Three Writing Rules That Are Kinda Dumb

There are many rules that govern our writing and language use. Ever useful, sometimes changing, and occasionally bizarre.

There are some rules I just can’t seem to learn. My brain refuses to let them in, and I have to look them up every single damn time I need to use them. One of those is the lay/lie/laying/lying differences. Grammar Girl comes in handy with that one.

But most of the time, as a proponent of writing correctly, I do a decent job at spotting errors in grammar, punctuation, and spelling. And this is true:

grammar

This is an actual thing in my dining room. Mom bought it for me. 

Even so, there are a few rules that are just dumb and I’m less strict about.

Dumb Rule 1: All right, alright, all-right

That last one isn’t real. I just wanted the McConaughey reference.

alright

I was stubborn about this one for a long time. In my mind, “all right” means “completely correct” and “alright” means “okay.” I used “alright” in dialogue, and “all right” sounded/looked stuffy to me. And then there’s this:

All though they were there all ready, it was all together a chaotic situation, all right.

Blah.

Dumb Rule #2: Regional spelling differences

There are some rules that only exist because America.

img_0675

And they only exist in America.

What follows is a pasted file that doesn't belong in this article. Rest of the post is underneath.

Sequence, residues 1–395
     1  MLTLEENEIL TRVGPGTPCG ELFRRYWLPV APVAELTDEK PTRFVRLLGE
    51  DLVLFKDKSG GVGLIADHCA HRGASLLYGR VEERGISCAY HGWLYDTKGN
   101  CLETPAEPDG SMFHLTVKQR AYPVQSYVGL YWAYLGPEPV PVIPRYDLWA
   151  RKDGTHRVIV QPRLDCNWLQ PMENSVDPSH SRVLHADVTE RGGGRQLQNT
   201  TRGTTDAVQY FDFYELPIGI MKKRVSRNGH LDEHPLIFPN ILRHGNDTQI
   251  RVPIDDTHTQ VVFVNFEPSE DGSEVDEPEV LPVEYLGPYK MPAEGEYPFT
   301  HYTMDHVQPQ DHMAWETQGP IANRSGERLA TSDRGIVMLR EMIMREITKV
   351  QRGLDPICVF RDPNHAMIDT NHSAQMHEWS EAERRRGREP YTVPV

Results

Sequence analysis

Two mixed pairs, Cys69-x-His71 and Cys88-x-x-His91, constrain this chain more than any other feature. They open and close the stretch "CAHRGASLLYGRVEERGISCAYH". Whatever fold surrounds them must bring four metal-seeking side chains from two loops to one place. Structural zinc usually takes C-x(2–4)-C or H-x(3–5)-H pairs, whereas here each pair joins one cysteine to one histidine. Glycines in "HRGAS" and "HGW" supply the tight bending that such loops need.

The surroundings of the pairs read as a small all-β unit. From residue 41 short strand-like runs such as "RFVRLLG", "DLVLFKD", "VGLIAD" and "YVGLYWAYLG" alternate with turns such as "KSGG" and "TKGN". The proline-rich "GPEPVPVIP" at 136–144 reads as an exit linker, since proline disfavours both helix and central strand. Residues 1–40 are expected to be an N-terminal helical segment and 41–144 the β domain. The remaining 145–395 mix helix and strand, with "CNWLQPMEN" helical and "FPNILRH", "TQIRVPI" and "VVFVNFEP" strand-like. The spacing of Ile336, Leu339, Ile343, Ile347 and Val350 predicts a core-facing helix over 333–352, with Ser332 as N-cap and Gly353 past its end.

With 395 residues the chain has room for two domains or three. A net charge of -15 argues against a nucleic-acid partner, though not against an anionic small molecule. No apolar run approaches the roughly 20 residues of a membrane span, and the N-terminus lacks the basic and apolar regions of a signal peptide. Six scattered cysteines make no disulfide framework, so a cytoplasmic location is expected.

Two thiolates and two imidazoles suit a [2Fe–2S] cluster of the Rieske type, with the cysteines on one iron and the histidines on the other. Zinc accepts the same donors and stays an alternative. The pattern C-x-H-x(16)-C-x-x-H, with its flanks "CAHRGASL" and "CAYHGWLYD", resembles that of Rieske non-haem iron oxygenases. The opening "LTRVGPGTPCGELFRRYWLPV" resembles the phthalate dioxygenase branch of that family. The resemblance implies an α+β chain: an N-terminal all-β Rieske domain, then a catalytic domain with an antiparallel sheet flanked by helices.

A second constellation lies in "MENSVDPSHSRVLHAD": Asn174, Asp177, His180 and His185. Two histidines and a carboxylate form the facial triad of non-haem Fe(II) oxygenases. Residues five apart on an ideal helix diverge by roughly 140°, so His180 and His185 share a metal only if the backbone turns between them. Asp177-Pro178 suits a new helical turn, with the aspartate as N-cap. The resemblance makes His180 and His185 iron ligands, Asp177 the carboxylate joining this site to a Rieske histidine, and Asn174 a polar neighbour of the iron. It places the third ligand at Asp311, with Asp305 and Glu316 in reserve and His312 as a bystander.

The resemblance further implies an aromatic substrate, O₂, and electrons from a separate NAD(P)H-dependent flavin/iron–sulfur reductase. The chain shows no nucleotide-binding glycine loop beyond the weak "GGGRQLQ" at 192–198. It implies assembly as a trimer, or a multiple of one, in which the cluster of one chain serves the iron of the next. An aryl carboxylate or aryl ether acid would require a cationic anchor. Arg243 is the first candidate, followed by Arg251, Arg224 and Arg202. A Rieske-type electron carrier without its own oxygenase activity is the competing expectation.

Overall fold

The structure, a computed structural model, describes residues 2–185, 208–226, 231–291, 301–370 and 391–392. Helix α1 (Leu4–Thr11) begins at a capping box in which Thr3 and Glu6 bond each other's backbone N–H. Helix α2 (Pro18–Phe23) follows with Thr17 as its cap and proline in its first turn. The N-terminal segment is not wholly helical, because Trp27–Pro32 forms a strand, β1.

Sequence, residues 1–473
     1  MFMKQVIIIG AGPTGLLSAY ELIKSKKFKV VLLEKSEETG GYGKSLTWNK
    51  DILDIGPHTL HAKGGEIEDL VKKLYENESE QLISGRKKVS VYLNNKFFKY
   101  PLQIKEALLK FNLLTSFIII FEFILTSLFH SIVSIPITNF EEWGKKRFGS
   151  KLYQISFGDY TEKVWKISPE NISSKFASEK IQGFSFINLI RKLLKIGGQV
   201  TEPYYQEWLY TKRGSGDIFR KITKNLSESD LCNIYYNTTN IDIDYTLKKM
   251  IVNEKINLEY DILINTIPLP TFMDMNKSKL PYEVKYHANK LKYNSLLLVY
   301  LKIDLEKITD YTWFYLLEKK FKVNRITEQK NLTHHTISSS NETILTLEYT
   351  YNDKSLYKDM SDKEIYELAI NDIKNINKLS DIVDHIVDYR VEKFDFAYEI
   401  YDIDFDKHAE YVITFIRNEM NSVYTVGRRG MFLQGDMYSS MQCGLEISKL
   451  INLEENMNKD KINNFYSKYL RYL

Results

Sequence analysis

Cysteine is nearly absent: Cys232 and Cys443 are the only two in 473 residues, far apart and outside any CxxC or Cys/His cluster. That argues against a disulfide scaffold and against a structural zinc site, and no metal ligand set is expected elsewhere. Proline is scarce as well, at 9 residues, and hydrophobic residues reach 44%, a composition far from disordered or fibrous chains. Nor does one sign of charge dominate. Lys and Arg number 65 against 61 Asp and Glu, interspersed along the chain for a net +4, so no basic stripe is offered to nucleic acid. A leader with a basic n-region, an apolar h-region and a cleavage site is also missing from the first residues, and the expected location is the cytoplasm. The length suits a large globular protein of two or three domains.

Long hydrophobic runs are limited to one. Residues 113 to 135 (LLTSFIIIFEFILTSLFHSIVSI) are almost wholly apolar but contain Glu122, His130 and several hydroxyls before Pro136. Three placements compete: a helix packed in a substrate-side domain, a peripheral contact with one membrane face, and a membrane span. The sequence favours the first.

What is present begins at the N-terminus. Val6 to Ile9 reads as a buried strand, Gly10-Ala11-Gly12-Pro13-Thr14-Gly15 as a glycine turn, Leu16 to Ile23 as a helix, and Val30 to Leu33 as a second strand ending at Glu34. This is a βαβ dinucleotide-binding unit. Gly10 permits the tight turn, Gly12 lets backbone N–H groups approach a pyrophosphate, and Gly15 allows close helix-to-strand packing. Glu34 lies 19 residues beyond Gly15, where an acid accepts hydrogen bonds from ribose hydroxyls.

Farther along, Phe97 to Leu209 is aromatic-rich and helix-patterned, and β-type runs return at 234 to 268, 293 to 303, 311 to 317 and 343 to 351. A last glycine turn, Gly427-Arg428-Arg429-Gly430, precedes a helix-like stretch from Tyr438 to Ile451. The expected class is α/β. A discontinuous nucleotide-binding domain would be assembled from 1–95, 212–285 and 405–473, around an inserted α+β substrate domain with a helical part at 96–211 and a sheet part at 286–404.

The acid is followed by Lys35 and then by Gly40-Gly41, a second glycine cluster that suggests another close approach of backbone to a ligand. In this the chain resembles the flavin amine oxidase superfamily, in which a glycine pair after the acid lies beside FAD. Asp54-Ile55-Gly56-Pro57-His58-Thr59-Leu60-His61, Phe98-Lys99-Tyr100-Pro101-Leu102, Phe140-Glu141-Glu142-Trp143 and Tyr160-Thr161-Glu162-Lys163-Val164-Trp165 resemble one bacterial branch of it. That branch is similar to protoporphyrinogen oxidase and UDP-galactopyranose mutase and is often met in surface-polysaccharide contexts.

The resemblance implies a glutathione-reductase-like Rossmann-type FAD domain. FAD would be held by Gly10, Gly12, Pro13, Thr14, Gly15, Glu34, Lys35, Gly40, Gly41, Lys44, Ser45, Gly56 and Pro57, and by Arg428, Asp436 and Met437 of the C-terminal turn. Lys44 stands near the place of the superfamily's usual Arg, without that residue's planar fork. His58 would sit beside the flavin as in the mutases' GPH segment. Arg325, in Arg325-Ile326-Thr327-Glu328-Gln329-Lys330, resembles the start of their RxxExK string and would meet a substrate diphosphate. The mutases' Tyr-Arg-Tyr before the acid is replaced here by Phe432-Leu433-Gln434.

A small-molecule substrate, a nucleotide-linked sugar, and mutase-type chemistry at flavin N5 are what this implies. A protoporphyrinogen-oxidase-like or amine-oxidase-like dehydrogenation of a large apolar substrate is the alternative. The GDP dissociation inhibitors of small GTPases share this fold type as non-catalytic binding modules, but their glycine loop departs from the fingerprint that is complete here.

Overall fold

Take toward/towards, for example.

Or all those words that lost their “u” on their trip across the pond/over the Canadian border: What’s your favourite colour?

I don’t write those words with the added “u,” but I do write and say “towards.” I also get comments on it in the critique group frequently enough to notice.

img_0672Me: She walked towards the store.

CP: Towards in the UK, toward in the US.

Ugh.

This is one I won’t budge on, mainly because I say towards and I think it sounds better. Not everything we Americans do “just because” is the right thing.

Dumb Rule #3: Punctuation always goes inside the quotes (but only in America!)

Look, it’s another regional-specific rule!

I’ve had to correct myself because of this rule about half a dozen times just in this post. Unlike “towards,” I try to follow the US rule on this one because more people fuss about it and I don’t want to die on that hill. That said, it makes sense to me that a quoted word or phrase (I’m not talking about dialogue here, by the way) should be considered its own entity and not have punctuation invading it.

Those are my top three dumb writing rules. What rules would be on your list? 

39 thoughts on “Three Writing Rules That Are Kinda Dumb

  1. I just struggled with lay/lie/laying/lying twice in just the last few days. I write mostly poetry, so my grammar is my own. I do like the art of diction and proper use of definition!! I enjoy your posts and shall follow.
    Kevin

    Liked by 1 person

  2. At some point, grammar decisions become the intersection of location, authenticity, and not wanting to “die on that hill.” (Punctuation inside quotation marks because, well, American.)
    Love this post.

    Liked by 1 person